Here are the quotes on bulk retail prices from the local feed mill.
|Bulk, retail Quotes from Feed Mill|
|trace vitamins||60.35||/50 lb||use at 5 lb/ton|
|salt||6.15||/50 lb||use at 5 lb/ton|
|locally roasted soybeans||508||/ton||30% Protein and 20% Fat|
|kelp from acadia||59.75||/50 lb||10-20/ton|
By linking the percentage make up of desired ration (from Polyface Farms ration), I can get a estimate of the costs per 50 pound bag
|My desired Ration|
|Ration||Percentage||Price per mixed ton||Price per mixed 50 lb bag||Substitutions||Notes|
|Roasted Soybean||29%||147.32||3.683||Soybean meal, cottonseed meal|
|Crimped oats||11%||20.24||0.506||Whole oats||using wheat midds for now|
|Fishmeal||3.50%||not mentioned by feedmill||Protein booster, not availible from rockingham|
|Kelp||0.50%||11.95||0.29875||Probably Topdress, unless increases to replace nutrient|
|Probiotic||0.10%||Probably Topdress (fast track)|
|Nutrient booster||3%||72.42||1.8105||Maybe salt + Kelp + trace vitamin?||See PDFs|
Seeing it will cost me around $9 per 50 bag at retail prices, I can use the chart provided in my previous post to estimate the cost to feed an individual broiler chicken in its lifetime.
|Age||Week 1||Week 2||Week 3||Week 4||Week 5||Week 6||Week 7||Week 8||Week 9||Total # of Bags|
|One Bird||4.2 oz.||9.2 oz.||3.7 oz.||18.8 oz.||26.1 oz.||34.5 oz.||38.5 oz.||42.6 oz.||46.5 oz.||14.63 lbs.|
|25 Birds||6.56 lbs.||14.38 lbs.||21.41 lbs.||29.28 lbs.||40.78 lbs.||53.91 lbs.||60.16 lbs.||66.56 lbs.||72.66 lbs.||7.32 bags|
|50 Birds||13.13 lbs.||28.75 lbs.||42.81 lbs.||58.75 lbs.||81.56 lbs.||107.81 lbs.||120.31 lbs.||133.13 lbs.||145.31 lbs.||14.63 bags|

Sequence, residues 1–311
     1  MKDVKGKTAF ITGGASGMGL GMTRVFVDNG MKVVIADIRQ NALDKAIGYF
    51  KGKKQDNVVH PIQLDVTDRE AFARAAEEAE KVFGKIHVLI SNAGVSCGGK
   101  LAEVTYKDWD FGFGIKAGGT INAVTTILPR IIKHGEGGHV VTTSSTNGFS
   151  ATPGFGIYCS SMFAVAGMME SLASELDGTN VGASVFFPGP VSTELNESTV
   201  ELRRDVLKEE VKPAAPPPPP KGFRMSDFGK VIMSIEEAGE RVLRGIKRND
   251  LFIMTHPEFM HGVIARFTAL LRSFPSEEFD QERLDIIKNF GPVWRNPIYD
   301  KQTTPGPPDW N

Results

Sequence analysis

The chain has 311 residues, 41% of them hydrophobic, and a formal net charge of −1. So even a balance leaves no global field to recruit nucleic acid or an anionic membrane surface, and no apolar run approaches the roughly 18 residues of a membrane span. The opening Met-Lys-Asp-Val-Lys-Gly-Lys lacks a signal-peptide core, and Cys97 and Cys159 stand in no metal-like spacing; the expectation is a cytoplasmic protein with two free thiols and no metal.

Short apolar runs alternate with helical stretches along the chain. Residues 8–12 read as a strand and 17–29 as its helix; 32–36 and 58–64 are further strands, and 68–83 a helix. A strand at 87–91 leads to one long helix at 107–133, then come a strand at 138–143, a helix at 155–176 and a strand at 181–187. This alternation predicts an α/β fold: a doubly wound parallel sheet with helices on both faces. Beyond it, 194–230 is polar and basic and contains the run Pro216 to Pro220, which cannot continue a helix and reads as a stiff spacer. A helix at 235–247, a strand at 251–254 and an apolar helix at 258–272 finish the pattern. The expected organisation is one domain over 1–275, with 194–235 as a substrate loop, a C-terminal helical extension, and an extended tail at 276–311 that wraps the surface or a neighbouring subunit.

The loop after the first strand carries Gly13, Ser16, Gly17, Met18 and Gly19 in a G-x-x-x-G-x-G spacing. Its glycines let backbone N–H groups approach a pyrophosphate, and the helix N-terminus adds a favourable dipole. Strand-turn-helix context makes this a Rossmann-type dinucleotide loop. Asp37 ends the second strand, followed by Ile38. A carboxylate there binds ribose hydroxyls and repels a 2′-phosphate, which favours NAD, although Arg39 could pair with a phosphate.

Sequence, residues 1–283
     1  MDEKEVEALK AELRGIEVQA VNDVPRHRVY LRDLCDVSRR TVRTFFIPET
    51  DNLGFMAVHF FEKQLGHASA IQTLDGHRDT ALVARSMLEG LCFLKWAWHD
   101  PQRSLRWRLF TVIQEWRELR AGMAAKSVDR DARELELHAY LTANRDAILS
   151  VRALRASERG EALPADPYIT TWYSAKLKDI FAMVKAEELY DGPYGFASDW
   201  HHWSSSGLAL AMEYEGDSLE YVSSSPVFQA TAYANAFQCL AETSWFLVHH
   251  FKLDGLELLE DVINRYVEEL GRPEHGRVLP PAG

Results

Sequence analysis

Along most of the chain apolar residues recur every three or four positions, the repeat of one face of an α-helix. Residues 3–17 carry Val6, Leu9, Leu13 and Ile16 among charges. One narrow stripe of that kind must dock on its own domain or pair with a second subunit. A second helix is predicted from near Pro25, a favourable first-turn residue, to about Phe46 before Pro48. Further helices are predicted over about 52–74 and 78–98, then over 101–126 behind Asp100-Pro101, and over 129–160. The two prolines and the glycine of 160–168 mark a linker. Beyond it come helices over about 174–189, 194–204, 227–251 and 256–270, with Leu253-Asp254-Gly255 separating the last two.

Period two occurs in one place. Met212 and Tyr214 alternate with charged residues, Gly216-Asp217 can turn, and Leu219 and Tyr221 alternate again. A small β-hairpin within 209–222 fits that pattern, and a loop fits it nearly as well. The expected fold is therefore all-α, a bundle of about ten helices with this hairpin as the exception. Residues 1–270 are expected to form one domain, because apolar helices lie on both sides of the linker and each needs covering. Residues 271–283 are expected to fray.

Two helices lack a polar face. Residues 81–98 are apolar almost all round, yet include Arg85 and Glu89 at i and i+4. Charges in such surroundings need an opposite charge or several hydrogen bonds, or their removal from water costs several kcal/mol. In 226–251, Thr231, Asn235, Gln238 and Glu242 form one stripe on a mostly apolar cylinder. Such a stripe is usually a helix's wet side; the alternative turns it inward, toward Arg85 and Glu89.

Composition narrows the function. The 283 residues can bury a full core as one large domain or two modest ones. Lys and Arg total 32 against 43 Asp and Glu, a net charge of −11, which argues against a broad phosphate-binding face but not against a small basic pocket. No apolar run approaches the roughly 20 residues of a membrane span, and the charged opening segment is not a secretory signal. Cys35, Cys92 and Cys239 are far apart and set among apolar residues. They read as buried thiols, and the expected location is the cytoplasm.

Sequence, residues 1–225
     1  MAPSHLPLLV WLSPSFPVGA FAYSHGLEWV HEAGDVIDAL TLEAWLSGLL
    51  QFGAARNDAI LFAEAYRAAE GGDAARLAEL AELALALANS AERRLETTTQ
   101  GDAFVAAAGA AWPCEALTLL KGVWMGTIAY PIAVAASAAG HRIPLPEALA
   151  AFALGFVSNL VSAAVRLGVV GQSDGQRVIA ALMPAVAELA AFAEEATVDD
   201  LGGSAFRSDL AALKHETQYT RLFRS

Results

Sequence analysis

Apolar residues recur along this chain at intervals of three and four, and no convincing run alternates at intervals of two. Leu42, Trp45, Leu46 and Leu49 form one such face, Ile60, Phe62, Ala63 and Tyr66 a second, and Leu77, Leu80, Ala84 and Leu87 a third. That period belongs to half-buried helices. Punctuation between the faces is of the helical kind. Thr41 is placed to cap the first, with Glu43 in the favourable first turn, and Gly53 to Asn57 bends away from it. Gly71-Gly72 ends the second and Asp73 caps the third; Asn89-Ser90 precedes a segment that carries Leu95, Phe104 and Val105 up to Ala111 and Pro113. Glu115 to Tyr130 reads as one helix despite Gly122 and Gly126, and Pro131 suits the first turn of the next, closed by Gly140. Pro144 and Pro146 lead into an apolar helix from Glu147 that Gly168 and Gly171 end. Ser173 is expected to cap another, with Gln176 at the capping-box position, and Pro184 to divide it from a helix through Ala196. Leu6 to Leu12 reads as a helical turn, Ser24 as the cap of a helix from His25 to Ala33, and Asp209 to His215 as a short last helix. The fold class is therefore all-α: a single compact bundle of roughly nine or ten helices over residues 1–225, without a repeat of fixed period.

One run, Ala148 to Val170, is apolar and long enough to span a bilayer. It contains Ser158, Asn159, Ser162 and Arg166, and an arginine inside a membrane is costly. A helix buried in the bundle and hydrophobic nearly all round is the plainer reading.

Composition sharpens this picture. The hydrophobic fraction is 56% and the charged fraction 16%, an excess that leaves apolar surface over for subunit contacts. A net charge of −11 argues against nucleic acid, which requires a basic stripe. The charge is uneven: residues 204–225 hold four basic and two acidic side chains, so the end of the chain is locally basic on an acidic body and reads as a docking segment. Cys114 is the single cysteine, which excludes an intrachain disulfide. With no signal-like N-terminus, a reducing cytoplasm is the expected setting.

|100 Birds||26.25 lbs.||57.5 lbs.||85.63 lbs.||117.5 lbs.||163.13 lbs.||215.63 lbs.||240.63 lbs.||266.25 lbs.||290.63 lbs.||29.26 bags|
The above chart from The Organic Feed Store shows that I will need a maximum of 14.63 pounds of feed per chicken in its lifetime.
Next in raising my broilers is moving a pen and refilling feed/water. A total of a half hour per day spread across the 75 birds per pen. Processing a 75 bird batch will take around 4 hours assuming my scalder/plucker builds are successful.
|0.5||Labor for moving/feeding per day per 75 birds|
|0.006666667||^ Per day single bird|
|60||Days birds are alive|
|0.4||Labor per bird over its lifetime|
|4||Processing labor for 75 birds|
|0.053333333||Processing labor for 1 bird|
|0.453333333||Total Labor per bird|
From brooding to processing, the birds will need to be feed a maximum of 60 days in their lifetime so each bird will take .45 hours of labor to raise.
Adding up the feed and sourcing costs, I can figure my bottom line.
|2.23||Cost of chick at 50 Per order|
|0.5348||Cost of shipping per chick|
|5.35365165||Total cost of Chick in lifetime|
|90%||10% Loss Factor Constant|
|3.5||Average Dressed Weight|
|3.5||Price charged per pound|
NOTE: I EDITED THIS CALCULATION TO CHANGE MORTALITY RATE TO 10% AFTER MORE RESEARCH
Manually inputting various pricing per pound, I found that $3.50 will provide an hourly wage of almost $15. Keep in mind that all estimated cost are done conservatively and the birds should source 20-30% of their feed directly from the pasture. Any increase in efficiency, decrease in feed costs, minimizing of losses etc. will give me a raise. As a centerpiece of my farm operation, seasonal pastured broiler production will support my desired lifestyle while I explore additional avenues for income.